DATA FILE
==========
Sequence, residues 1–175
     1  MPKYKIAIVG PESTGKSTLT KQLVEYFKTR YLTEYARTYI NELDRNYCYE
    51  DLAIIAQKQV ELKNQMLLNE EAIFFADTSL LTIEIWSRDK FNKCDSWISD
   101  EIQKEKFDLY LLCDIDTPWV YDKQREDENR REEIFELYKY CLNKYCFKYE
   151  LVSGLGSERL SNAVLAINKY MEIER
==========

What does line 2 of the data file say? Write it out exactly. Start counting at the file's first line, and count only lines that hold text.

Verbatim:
     1  MPKYKIAIVG PESTGKSTLT KQLVEYFKTR YLTEYARTYI NELDRNYCYE